It’s a genetic heart disease that occurs in 1 in 500 people, and in some cases, you might not even be aware that you have it. People with hypertrophic cardiomyopathy have an abnormal arrangement of heart muscle cells that usually is caused by gene mutations that make the heart grow abnormally thick.
Reporter Jason Howland explains in this Mayo Clinic Minute.
Journalists: Broadcast-quality video (0:59) is in the downloads at the end of this post. Please courtesy: “Mayo Clinic News Network.” Read the script.
Hypertrophic cardiomyopathy is a thickening of the heart muscle, making it more difficult to pump blood.
Dr. Steve Ommen is a Mayo Clinic cardiologist who specializes in the disease. He says shortness of breath or chest pain, especially during exercise, are common symptoms.
“It’s important to point out first that it’s completely compatible with a normal life span and a normal quality of life,” says Dr. Ommen. “There are risky things we need to look out for, but that really affects the minority of people.”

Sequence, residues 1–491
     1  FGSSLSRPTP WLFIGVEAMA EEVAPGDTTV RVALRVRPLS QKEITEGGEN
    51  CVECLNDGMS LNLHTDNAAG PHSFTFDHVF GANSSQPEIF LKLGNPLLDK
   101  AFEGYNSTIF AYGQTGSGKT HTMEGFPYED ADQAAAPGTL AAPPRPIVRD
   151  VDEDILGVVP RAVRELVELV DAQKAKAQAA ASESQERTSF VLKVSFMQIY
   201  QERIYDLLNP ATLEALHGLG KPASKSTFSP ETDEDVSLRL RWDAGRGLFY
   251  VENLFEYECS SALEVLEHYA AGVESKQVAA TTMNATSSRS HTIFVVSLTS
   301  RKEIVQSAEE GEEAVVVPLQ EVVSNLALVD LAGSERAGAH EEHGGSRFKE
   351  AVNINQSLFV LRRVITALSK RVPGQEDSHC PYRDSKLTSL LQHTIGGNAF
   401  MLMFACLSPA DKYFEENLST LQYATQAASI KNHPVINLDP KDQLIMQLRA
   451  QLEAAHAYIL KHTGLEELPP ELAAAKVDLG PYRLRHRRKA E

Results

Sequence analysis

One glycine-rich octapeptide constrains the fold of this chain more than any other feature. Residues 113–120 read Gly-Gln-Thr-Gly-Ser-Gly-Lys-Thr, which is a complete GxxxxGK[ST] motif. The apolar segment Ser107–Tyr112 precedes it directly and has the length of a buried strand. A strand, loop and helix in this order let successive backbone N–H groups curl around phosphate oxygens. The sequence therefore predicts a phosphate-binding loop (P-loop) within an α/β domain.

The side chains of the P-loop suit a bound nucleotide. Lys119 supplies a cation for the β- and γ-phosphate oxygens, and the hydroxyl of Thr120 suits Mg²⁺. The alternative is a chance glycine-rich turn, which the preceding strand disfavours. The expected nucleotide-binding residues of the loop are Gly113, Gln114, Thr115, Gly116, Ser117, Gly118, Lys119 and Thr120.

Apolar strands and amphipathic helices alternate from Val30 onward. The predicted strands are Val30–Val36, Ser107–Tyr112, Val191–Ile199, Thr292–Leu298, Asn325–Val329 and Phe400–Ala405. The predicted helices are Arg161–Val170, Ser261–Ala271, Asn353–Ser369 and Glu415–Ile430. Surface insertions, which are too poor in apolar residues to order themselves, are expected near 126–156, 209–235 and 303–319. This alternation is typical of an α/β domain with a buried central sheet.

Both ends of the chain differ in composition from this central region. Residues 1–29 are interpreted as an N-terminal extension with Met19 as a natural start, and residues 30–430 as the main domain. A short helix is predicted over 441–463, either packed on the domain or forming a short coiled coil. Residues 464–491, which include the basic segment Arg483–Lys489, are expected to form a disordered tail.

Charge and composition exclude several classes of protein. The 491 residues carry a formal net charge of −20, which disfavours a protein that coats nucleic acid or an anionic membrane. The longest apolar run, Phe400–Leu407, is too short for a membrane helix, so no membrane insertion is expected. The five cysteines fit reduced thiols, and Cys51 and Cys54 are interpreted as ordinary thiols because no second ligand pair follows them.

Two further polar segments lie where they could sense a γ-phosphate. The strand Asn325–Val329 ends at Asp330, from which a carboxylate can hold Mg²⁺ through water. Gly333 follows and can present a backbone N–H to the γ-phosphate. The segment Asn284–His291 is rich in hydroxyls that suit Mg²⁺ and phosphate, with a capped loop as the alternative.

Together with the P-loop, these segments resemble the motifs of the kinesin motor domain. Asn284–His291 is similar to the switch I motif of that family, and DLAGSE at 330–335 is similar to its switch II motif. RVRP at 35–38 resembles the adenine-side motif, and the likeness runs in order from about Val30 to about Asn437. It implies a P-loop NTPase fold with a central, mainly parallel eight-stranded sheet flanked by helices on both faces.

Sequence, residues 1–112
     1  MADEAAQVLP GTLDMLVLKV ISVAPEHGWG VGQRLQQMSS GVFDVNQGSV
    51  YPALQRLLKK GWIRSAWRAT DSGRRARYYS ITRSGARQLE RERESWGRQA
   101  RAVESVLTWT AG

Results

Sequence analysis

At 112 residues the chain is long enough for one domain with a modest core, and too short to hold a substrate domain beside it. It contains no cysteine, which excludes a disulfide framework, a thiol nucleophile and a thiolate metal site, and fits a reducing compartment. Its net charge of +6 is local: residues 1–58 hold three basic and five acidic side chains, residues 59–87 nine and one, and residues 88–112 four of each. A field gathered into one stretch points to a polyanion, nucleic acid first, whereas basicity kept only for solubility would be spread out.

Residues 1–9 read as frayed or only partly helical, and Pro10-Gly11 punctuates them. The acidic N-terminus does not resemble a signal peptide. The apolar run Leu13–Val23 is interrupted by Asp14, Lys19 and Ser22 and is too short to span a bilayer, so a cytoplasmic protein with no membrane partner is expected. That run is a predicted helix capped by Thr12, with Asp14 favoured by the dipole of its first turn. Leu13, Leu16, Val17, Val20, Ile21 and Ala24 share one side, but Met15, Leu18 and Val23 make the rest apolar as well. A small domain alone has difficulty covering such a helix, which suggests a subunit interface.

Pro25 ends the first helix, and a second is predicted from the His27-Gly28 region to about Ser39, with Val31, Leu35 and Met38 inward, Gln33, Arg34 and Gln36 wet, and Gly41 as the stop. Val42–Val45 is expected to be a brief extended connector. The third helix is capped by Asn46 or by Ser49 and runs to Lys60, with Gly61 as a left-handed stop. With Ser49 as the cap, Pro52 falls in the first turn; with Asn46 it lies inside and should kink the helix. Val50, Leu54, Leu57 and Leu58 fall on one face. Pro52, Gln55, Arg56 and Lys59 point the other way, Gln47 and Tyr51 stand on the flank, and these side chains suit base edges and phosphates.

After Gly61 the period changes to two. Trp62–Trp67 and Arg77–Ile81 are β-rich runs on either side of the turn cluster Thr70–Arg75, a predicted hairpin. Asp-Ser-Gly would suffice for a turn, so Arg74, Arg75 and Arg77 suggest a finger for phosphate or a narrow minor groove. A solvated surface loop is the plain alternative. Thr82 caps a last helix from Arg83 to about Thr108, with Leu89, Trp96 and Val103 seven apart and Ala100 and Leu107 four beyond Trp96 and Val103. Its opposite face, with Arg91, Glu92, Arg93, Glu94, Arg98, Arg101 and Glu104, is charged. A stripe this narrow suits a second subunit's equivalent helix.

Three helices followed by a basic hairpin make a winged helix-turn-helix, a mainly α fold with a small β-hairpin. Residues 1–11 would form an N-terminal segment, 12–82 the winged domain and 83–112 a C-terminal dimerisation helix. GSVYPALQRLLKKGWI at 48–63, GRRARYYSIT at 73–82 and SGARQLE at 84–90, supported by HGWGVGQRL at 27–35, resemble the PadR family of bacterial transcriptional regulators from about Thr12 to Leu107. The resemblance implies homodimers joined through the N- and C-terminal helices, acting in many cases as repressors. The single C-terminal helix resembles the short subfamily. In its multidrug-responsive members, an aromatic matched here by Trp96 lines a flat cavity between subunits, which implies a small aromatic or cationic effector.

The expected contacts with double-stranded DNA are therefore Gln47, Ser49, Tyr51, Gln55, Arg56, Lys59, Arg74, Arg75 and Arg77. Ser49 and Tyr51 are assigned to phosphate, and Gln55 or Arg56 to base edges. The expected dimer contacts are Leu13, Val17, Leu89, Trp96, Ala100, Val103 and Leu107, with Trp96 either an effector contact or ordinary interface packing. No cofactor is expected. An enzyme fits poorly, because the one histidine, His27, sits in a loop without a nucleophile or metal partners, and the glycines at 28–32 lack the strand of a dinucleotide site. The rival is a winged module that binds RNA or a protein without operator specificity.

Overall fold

Many people with the disease won’t have any significant health problems. But there are cases that require treatment.
“The first thing is we do some risk assessment to make sure patients aren’t at high risk for dangerous heart rhythms, in which case we might consider offering them an implantable defibrillator device to serve as a safety net,” says Dr. Ommen.
If a patient has symptoms that affect quality of life, the disease is treated with medications. Surgery or other procedures also may be necessary in some cases.
“We can mechanically thin down the heart muscle where it’s getting in the way of blood flow either through a catheter-based procedure or with a well-established surgical procedure called surgical septal myectomy,” says Dr. Ommen.
Provided by Mayo Clinic